Attending conferences can cost a large amount of money – I average about $1000 a conference just for hotel, flight, and that doesn’t include the tickets. For this to make sense for your business, you have to know what your ROI is to make sure you’re getting the most out of the experience. So how do you go about multiplying the value of conference attendance?
While these suggestions are primarily for those attending business or professional conferences, they really apply to any kind of conference – including academic conferences. There are four distinct stages to the conference attendance experience for you to consider! They each have their own tips for making the most of them. The goal is Return on Investment (ROI). So, what are these four stages?
2. During: in-person and online communications
4. Recovery and follow-up
Over the next two months, I will be at the Air Force Association, Air, space and Cyber Conference, the Military Influencer Conference in Orlando, and the AUSA conference. If you’re going, too, let’s connect!
Over the last couple of years I’ve gotten a lot of questions from entrepreneurs and professionals about how best to activate their social media at a conference when they’re an attendee, speaker or sponsor.
1. Pre-game to set a foundation for great conference ROI.
- Make connections. Make as many social connections (with attendees, speakers, sponsors) as possible heading into the event, so that your meet-up in person is warm vs. cold. Connect with speakers and other attendees on linkedin.
- Outline Content prior to the event. Create a series of posts for LinkedIn or your website before, during and after the event. These posts could focus on questions you hope are answered, workshop/keynote takeaways, and perhaps a daily roundup. You can draft the outlines of these posts in advance – including social media images – so you can plug in the additional information from being there each day and hitting publish!
- Ask about event Hashtags in advance. Hashtags can be a great way to get involved with a conference. Use the hashtag(s) on social media (not facebook, but other social media platforms), follow them and engage with others using them. You can save searches in Twitter so you can follow the conversation.
- Make a Date. Plan a pre-conference lunch or dinner to meet up with other attendees or speakers. This can be a great way to optimize attendance, build rapport and deepen relationships. This Lunch Connection hosted by Kristen Smith and Kayla Roof before the Military Influencer Conference is a great example! Plan to have drinks at the end of a day with 1-2 others inviting a couple more people you meet along the way.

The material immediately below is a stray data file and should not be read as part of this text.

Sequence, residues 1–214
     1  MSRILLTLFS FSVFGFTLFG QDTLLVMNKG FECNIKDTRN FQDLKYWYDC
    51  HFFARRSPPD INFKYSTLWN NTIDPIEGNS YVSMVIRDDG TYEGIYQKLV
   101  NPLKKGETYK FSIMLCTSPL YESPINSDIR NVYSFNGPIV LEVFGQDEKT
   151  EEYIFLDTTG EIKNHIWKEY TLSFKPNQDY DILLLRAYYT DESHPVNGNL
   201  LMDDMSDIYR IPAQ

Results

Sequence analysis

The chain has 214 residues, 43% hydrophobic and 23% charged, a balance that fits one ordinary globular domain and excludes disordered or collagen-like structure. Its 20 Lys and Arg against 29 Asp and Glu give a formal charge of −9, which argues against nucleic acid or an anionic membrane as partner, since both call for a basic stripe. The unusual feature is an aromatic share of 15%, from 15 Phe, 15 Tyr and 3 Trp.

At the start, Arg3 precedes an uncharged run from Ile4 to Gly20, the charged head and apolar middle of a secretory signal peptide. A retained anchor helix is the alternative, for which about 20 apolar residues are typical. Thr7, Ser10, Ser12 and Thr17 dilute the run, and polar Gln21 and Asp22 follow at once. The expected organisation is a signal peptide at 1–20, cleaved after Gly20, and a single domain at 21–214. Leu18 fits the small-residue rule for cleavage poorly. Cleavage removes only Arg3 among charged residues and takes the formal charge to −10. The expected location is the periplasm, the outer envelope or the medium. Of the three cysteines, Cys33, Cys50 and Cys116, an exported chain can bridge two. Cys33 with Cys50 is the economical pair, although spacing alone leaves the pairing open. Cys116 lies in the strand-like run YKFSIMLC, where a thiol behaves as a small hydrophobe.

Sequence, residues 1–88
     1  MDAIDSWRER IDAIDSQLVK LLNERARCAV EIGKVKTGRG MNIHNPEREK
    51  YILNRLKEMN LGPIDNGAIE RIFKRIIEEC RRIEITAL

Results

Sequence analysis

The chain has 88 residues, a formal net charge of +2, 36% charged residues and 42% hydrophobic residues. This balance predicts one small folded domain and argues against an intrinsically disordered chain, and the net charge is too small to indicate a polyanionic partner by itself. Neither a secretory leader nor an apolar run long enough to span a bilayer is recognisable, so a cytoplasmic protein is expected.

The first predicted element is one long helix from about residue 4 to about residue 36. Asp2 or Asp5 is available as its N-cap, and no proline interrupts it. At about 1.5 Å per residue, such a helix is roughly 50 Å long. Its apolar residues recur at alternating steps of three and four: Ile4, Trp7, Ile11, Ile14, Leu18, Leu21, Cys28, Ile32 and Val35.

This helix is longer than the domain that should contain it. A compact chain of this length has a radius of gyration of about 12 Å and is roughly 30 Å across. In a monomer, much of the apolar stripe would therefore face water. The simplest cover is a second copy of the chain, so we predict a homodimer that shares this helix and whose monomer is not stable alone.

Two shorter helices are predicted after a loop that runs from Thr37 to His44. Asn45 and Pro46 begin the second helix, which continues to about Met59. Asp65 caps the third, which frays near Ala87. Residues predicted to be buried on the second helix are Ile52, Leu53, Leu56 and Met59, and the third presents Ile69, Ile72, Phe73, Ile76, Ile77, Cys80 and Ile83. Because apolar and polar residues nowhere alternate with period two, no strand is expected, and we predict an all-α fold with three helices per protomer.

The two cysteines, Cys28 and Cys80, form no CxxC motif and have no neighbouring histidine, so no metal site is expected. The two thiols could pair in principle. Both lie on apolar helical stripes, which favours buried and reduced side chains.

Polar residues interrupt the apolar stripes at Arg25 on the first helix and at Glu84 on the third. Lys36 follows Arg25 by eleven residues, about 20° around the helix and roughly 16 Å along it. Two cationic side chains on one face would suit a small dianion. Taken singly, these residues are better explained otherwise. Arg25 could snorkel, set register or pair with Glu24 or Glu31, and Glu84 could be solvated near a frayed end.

- Write down your desired ROI. Writing down your desired return on investment can help you stay focused. Be sure that it is a SMART goal, to give you the best chance of achieving your goal.
2. During the conference: in-person and online communications
- Be in the moment. Be present as much as possible. Look people in the eyes and ask genuine questions and listen. Don’t treat everyone you meet as an opportunity to pitch or sell. Be a person first.
- Tweet during each session – Engage in real time conversation with those in and around the conference (speakers, attendees, supporters, sponsors). If tweeting is distracting, then just try one tweet per session. Try to tag the speakers or other attendees.
- Use Video – use video for behind the scenes exclusive footage, interviews from your perspective. Great tools for this include: Facebook Live or LinkedIn Video.
- Add Value – Anything you post should be valuable, not a plug for your business. Focus on serving and adding value.
3. Post-Conference Hangover
- Know thyself. I am usually peopled out for the next couple of days. I try to make time in my schedule for some extra rest and recovery. I literally put it in my calendar as an appointment. Making the appointment prevents me from overscheduling on my first 1-2 days back in the office.
- Write it down. Keep a pad of paper to write down follow-up tasks that come to do during the downtime – there is something that the brain does when it is resting, sometimes the subconscious will tell you things that you may otherwise overlook
4. Recovery and follow-up
- Make a plan and follow up in a timely manner. Within a week or two of the conference, send follow up emails and schedule informational calls with contacts. Please don’t make that first call a sales pitch.
- Connect with new contacts on LinkedIn and/or email. The main goal for me is to keep the relationship going past the event.
- Send anything you promised you would. Because you wrote down any promises you made, policy papers you said you would email, or any introductions you committed to making, now is the time to send anything you promised you would.
- Develop a checklist for post event recovery and follow-up. Be careful viewing every new contact as a lead, focus on developing and deepening a professional relationship.
- Take the responsibility of having been given someone’s contact details seriously. Don’t automatically add the email addresses you have collected to your email management platform and subscribe them to your email list. This is bad form professionally. Be sure to ask for an opt-in, rather than requiring an opt-out.
- Measure ROI. Review your goal established pre-conference. Write down what worked well and decide if you will attend this conference in the future.
What’s worked for you?
What has helped you get the most out of your conference attendance? How have you established your conference attendance ROI?
To learn more about Anna Blanch Rabe & Associates and our content creation services for law firms and social impact businesses, and how we serve the non-profit community through communications consulting, please contact us.